Moon advises Tokyo to engage Pyongyang
Moon gave an exclusive interview to the Yomiuri Shimbun Tuesday, his first with Japanese media as president, ahead of his first visit to Japan since he took office one year ago. He said normalization of diplomatic relations between North Korea and Japan, “will greatly contribute to the peace and stability of the Korean Peninsula and the Northeast Asian region.”
Moon added that Kim discussed relations with Japan during the inter-Korean summit held on April 27 in Panmunjom, the truce village bordering the two Koreas.
According to a transcript of the interview released by the Blue House, Moon said he conveyed to Kim during the summit that Japanese Prime Minister Shinzo Abe “has the intention to normalize diplomatic relations between North Korea and Japan, based on a settlement of the issues of the past.” Kim “revealed a willingness to speak with Japan at any time.”
Moon said that the North Korean leader “clearly understands what the international community demands” and added that he got the impression during their talks that Kim was “very frank and practical.
“We confirmed the joint goal of the complete denuclearization of the Korean Peninsula,” Moon said, referring to the April 27 Panmunjom Declaration. He added that Kim declaring he will shut down a nuclear test site in May and show the process to outside observers is a “meaningful step” toward denuclearization.
Moon added that he plans to do all he can to “strengthen trust between North Korea and the United States” and to cooperate with key related countries, including Japan.
Moon is scheduled to hold a trilateral summit with Japanese Prime Minister Abe and Chinese Prime Minister Li Keqiang in Tokyo on Wednesday. This meeting comes on the heels of the inter-Korean summit and ahead of a planned summit between North Korean leader Kim and U.S. President Donald Trump, which Moon called “a historic opportunity that cannot be missed.”
In the interview, Moon added that he “looks forward to Japan’s active support and cooperation for the success of the North Korea-U.S. summit and for the establishment of permanent peace on the Korean Peninsula.”
Japan plays a “very important role for the peace and prosperity of the Korean Peninsula,” Moon said, adding there are many aspects including “cooperation between South Korea, the United States and Japan to achieve complete denuclearization, and to normalize relations between North Korea and Japan to guarantee the security of the North Korean regime.”
Moon also said he will continue to cooperate with Tokyo to help resolve the issue of Japanese nationals abducted by North Korean agents in the 1970s and 1980s.
“I am aware of what an important issue it is for the Japanese government and people,” Moon said, adding he raised the abduction issue with Kim Jong-un during their talks. “I will continue to cooperate with the Japanese government to heal the hurt of the families of the victims of kidnapping.”
Moon emphasized again his two-track approach to relations with Tokyo to advance South Korea-Japan relations “regardless of history issues.”
The president also addressed the issue of the Japanese military’s forced recruitment of young women into sexual slavery during World War II. He has been critical of a controversial bilateral deal struck by the previous government on Dec. 28, 2015, which included a Japanese government apology and a multimillion-dollar fund for the so-called comfort women victims. While concluding the agreement was flawed and insufficient, the Moon administration has stopped short of scrapping or renegotiating it.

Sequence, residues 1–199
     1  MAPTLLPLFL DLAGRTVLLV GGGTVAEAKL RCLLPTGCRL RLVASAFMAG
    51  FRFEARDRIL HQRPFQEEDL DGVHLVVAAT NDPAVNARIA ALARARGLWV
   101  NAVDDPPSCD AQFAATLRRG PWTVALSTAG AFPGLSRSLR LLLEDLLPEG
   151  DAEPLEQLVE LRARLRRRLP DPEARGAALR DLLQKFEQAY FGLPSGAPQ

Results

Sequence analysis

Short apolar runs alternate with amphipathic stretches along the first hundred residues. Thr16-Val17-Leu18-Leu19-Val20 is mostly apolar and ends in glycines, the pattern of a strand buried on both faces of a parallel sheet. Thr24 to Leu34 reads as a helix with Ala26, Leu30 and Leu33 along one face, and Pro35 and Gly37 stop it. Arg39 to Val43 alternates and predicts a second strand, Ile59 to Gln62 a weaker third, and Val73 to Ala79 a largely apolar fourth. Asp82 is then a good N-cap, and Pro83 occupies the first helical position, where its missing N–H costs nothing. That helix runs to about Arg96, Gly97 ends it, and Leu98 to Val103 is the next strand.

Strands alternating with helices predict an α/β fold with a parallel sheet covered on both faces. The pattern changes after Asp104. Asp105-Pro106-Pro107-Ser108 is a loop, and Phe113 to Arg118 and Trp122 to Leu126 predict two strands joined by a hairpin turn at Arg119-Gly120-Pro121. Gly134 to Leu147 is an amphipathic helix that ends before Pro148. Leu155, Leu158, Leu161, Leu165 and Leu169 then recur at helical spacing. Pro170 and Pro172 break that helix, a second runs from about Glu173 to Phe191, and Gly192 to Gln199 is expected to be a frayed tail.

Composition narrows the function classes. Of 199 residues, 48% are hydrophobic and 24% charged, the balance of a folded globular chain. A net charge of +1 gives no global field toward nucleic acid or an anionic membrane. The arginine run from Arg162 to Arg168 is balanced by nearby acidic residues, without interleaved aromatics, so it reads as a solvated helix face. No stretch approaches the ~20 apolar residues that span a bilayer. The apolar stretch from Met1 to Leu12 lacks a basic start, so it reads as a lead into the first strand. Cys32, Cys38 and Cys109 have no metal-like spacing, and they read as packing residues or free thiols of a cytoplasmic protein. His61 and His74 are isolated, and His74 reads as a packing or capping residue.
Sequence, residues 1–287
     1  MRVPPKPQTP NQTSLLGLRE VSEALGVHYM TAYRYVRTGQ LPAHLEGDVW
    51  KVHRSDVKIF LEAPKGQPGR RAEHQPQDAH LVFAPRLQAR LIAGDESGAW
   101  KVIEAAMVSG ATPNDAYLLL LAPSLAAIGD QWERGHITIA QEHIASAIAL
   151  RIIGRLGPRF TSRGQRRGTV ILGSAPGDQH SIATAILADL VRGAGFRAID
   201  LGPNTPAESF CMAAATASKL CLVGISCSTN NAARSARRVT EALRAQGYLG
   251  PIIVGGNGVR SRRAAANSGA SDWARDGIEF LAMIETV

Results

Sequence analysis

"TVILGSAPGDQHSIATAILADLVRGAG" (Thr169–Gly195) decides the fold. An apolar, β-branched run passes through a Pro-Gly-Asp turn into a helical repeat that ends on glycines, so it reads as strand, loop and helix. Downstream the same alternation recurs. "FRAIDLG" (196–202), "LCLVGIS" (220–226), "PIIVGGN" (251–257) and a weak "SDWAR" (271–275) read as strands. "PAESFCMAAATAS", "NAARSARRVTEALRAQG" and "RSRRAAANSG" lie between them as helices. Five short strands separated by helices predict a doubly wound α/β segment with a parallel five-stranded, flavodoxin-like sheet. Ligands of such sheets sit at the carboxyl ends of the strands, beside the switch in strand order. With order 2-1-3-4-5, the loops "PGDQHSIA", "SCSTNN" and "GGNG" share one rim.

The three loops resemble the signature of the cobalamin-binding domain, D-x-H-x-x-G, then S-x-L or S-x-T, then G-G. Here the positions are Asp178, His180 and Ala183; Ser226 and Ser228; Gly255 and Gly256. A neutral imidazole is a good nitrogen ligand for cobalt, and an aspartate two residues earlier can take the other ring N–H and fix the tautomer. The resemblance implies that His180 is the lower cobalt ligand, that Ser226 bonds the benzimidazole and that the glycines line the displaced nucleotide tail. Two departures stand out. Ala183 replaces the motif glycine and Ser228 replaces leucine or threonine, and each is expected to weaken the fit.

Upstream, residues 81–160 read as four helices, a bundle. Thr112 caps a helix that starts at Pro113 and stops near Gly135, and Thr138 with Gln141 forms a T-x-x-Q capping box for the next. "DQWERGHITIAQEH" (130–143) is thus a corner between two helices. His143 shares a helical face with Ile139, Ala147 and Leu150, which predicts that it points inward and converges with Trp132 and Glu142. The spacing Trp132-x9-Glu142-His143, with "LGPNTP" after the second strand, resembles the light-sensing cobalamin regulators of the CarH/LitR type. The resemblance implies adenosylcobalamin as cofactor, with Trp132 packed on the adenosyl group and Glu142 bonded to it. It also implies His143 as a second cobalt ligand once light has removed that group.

“It is difficult to restore the dignities of individual victims, including those of the Japanese military’s wartime sexual slavery, and completely heal their hearts simply through a pact or agreement between governments,” said Moon, adding that “sincere self-reflection and apology from the heart has to be conveyed to the victims and accepted.”
He added that only by looking at history squarely and through joint efforts to learn from the past in order to prevent a reprise of such horrendous events can the victims’ scars be healed and true reconciliation be made possible. Building a future on that kind of foundation, Moon said, will bring about a “complete solution to the history issues.”
The trilateral summit marks the seventh such three-way meeting since the first in 2008, and Korea, Japan and China have taken turns hosting the three-way meetings. The three leaders are expected to come up with a joint statement that addresses the Panmunjom Declaration and North Korean denuclearization.
Tokyo has been expressing a hard-line stance toward Pyongyang, and in turn, North Korean state-media has been criticizing Japan over the past three days for attempting to sour improved diplomatic relations following the Moon-Kim summit last month.
Japanese Foreign Minister Taro Kono emphasized that the five permanent members of the UN Security Council - China, France, Russia, the United Kingdom and the United States - should oversee the North Korean denuclearization procedure, while the International Atomic Energy Agency (IAEA) should deal with other nuclear facilities, reported the Asahi Shimbun Tuesday.
Kono reportedly told the Japanese Diet’s upper house there should be “no reward” for North Korea’s words alone and that sanctions on Pyongyang should not be lifted until North Korea shows concrete action.
BY SARAH KIM [firstname.lastname@example.org]
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